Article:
You can do most anything you want on the platform, but sometimes you do it differently than you would expect, coming from another OS. Things are getting better as more Open Source developers bring their tools along and get things working.
Macuarium How about it's future? What resources and websites would you reccomend to readers interested in the porting effort, Open Source development on Mac and ported applications?
Benjamin Reed Hm, I really don't know. Most of my research when I'm looking for new information revolves around asking on IRC, or Google. =)
That and I use NetNewsWire with probably at least 100 feeds from various sites, so I tend to keep up on what's happening in technology in general, and the mac world specifically, that way.
Macuarium Now we come to Apple, the Mac, and all things Jobs... How is Apple supporting or benefiting from the porting efforts?
Benjamin Reed I can't speak too well for the other porting efforts (and obviously OpenDarwin and DarwinPorts would have a different view on this), but Apple has traditionally been pretty quiet on the subject of Fink, despite the huge number of users we have (and the not insignificant number of users we have who said "I wouldn't have gotten a Mac if something like Fink wasn't available.") It kind of suprises me, really.
Macuarium How do you relate with the Darwin project people?
Benjamin Reed A number of us Finksters talk regularly with the OpenDarwin guys, we've collaborated on a couple of projects in the past and possibly in the future.
Macuarium What do you think they should change, add, or improve? How does the Unix side of Mac OS X development compare with other Unix/Linux development?
Benjamin Reed I think the Mac OS X platform as a whole seems to be solidifying pretty well. Most of the issues in porting are minor ones at this point, generally. Linking has traditionally been the most consistently confusing part of getting things ported to Mac OS X, and Peter O'Gorman's work on GNU libtool has made a lot of that fairly transparent to the user nowadays.
As for comparisons, other than a few differences API-wise from Linux and other *NIXes, development on the Mac OS X side is pretty similar to other systems nowadays. That wasn't always true, but with Panther a lot of the really difficult-to-work-around stuff has got easier.
Macuarium How do you see the future of Apple in general, and as a computer platform in particular? In relation with the "competition"?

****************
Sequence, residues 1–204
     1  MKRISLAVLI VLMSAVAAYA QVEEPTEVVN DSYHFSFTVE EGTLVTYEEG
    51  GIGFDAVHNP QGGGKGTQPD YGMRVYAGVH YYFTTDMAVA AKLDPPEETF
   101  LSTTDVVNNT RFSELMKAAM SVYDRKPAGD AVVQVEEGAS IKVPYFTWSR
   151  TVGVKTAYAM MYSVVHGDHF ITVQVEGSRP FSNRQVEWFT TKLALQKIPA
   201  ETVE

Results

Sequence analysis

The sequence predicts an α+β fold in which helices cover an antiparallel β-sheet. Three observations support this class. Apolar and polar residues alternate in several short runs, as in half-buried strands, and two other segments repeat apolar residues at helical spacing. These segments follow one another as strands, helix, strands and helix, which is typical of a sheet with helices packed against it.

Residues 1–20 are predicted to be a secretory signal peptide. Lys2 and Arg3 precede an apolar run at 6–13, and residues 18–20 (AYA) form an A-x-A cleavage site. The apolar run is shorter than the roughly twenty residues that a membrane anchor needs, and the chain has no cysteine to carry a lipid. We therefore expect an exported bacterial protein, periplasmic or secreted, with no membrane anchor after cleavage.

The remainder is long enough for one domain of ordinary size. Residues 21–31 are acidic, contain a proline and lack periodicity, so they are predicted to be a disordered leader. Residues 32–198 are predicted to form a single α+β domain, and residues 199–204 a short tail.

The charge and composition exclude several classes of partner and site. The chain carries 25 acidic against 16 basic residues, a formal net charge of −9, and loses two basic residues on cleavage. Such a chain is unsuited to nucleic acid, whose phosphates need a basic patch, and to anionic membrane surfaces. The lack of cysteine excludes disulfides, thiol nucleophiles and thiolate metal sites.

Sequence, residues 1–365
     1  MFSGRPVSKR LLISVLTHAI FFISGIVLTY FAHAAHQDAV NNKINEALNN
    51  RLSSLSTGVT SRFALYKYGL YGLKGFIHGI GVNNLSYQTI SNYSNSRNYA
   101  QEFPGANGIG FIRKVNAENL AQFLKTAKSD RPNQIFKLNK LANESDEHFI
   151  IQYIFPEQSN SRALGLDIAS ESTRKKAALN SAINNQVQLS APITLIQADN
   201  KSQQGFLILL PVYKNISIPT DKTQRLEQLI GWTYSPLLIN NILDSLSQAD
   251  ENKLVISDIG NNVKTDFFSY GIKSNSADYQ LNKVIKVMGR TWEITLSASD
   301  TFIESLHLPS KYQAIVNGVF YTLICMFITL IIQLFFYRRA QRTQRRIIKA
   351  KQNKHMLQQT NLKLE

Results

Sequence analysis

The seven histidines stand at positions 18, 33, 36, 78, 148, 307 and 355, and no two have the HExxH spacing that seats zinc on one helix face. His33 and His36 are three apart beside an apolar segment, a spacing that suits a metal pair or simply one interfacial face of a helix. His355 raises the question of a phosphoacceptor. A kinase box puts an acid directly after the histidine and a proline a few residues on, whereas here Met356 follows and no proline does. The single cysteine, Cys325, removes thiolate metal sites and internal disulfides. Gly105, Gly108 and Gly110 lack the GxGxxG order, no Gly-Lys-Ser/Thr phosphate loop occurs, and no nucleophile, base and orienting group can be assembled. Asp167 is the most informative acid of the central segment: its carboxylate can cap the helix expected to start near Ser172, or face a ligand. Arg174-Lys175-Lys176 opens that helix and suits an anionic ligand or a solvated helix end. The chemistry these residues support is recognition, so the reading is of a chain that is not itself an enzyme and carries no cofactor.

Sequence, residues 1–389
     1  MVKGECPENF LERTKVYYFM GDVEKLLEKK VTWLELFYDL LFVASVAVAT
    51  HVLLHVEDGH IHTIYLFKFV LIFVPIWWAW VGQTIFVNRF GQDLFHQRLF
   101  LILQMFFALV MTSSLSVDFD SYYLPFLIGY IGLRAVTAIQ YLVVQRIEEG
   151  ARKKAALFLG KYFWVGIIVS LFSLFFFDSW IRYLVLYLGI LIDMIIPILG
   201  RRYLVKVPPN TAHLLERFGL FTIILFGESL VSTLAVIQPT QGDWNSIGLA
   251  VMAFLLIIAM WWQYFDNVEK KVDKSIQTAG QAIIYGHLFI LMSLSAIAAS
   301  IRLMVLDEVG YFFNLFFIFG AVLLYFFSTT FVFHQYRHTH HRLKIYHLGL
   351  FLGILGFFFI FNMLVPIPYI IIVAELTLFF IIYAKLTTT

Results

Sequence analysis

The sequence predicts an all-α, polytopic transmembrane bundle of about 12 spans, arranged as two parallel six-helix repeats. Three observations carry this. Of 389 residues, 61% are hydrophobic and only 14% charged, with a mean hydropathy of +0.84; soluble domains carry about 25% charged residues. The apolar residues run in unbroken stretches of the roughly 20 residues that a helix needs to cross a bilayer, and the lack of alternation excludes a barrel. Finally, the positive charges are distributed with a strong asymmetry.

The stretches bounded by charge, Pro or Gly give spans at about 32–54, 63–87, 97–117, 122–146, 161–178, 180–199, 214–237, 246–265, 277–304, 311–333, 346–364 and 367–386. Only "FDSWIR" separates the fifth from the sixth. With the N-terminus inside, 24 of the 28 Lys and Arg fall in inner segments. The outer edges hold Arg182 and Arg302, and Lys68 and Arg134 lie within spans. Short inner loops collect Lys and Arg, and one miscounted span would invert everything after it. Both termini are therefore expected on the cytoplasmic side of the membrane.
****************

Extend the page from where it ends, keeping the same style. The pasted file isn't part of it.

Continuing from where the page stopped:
Benjamin Reed I really haven't thought much about the future of Apple, other than they seem to be doing things right. They have a developer-friendly environment, which means, in the long-term, more software running on Mac OS X. The iPod and iTunes music store are both a huge boon. Other than that, I can't say. Apple's generally been very tight-lipped about the future, and I'm not a big fan of rumor mongering in general, so there isn't much to go on. =)
Macuarium How do you think the Open Source experience will change Apple?
Benjamin Reed I have no idea, I really wasn't a mac user before OSX, so I'm too late for the changes. They'd already adopted Open Source (although they still generally avoid GPL stuff if they can, for obvious reasons) by the time I got here.
I'm one of those Linux geeks who switched over. Actually, I'd originally bought my first mac to run Linux on, just because Apple makes nice hardware. I started out with a dual-boot with a little OSX partition, just to play, but after a while I just reformatted and now I'm all-OSX. =)
Macuarium What do you use your Mac for? Any other computers?
Benjamin Reed Other than Open Source tinkering, I use my mac for the same things most everyone else does -- e-mail, browsing the web, etc. I do have other computers as well.
I've got a powerbook 1.25 (my main system), a G4/800 (running Jaguar, for testing before putting things in Fink's 10.2-gcc3.3 tree), a PC (running Windows XP, Athlon somethingy-something 2200), and another PC with RAID in the closet, running Linux as a fileserver.
MacuariumThat's about all on our question list :-). Do you want to comment on any other matter?
Benjamin Reed Well, for those reading my blog, they'll notice I've slowed down a bit in the last few months. I've got a girlfriend (hi, Cynthia!) and we've been spending a lot of time together. I still work on Open Source stuff and keep up with Fink, but I spend more of my time not on the computer than I used to. =)